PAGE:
Advertisement

The Construction of Citizenship in Public Debate

  • Menno Hurenkamp
  • Evelien Tonkens
  • Jan Willem Duyvendak

Abstract

Citizenship means different things in different languages. The French citoyen (a participant in political life) needs to be distinguished from the bourgeois (someone who is satisfied with the status quo). In French, ‘active citizenship’ is at best redundant (Tonkens & Newman 2011). Americans use the term citizenship most often in the context of civil rights – of protecting citizens’ freedoms from government encroachment (cf. Conover-Johnson et al. 1991: 812). In UK usage, ‘citizenship’ is close to ‘nationality’, while in German and Dutch the citizen is most often a decent person, someone who will be regarded as someone who is perhaps well-mannered but somewhat dull.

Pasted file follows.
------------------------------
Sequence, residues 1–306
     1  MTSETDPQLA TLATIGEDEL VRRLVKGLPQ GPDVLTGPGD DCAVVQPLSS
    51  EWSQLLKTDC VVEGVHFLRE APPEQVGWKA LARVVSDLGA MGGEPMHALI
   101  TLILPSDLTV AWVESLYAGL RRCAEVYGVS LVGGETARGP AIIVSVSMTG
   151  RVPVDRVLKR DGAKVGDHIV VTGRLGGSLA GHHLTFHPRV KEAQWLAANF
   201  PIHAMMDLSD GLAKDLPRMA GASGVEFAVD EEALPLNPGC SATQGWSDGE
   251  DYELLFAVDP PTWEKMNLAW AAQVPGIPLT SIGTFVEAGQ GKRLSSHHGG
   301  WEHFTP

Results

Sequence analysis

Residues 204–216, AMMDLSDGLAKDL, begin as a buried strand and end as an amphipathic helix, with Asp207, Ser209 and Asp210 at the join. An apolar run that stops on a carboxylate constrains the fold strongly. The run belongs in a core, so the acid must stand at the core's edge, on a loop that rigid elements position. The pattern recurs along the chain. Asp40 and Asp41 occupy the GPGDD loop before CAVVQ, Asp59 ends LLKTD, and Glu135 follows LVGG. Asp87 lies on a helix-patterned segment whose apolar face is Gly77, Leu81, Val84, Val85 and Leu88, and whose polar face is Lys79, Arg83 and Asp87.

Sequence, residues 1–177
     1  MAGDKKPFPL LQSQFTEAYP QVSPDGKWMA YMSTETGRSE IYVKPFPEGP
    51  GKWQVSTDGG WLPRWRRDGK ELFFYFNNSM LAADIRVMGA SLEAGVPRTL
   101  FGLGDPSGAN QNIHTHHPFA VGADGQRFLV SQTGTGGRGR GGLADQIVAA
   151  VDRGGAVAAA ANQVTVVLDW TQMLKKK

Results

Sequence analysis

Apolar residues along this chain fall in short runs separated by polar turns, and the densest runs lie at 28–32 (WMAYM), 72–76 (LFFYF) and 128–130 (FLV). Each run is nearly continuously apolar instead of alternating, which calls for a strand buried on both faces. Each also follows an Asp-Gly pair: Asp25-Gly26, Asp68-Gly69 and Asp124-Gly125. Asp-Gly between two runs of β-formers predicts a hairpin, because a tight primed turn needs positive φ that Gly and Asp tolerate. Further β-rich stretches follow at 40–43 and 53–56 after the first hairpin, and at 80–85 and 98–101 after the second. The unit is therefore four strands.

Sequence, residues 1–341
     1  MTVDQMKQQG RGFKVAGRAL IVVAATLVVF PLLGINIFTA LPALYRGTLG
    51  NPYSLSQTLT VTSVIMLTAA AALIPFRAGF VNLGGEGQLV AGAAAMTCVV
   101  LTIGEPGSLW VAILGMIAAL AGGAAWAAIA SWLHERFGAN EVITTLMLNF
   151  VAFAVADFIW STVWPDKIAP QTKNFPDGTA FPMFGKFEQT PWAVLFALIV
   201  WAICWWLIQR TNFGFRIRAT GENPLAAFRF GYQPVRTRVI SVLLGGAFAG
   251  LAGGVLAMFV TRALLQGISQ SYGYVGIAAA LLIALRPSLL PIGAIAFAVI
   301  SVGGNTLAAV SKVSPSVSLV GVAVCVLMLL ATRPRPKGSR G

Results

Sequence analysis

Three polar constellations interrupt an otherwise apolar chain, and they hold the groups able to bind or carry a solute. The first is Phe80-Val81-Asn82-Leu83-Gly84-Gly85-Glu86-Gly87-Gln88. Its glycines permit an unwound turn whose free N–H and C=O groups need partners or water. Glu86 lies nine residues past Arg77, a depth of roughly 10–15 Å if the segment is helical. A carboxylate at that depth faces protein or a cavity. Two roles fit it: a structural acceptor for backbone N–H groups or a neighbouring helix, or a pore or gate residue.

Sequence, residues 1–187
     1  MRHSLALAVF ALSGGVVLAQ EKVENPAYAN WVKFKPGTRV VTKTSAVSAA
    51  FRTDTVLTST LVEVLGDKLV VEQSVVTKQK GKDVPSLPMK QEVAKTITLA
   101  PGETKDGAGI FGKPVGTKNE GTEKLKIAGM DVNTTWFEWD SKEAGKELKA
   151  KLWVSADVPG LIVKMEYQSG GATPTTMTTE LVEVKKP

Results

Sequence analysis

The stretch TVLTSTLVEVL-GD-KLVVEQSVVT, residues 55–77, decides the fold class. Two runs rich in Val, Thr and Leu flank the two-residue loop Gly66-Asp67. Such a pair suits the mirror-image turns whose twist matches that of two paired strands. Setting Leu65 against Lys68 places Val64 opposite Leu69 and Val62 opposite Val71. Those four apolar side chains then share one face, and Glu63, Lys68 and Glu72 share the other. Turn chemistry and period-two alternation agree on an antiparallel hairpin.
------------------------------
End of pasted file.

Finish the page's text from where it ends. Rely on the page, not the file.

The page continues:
Keywords

European Union Public Debate Good Citizenship Policy Index Native Citizen 
These keywords were added by machine and not by the authors. This process is experimental and the keywords may be updated as the learning algorithm improves.

Preview

Unable to display preview. Download preview PDF.

Unable to display preview. Download preview PDF.

Copyright information

© Menno Hurenkamp, Evelien Tonkens and Jan Willem Duyvendak 2012

Authors and Affiliations

  • Menno Hurenkamp
    • 1
  • Evelien Tonkens
    • 1
  • Jan Willem Duyvendak
    • 1
  1. 1.University of Amsterdamthe Netherlands

Personalised recommendations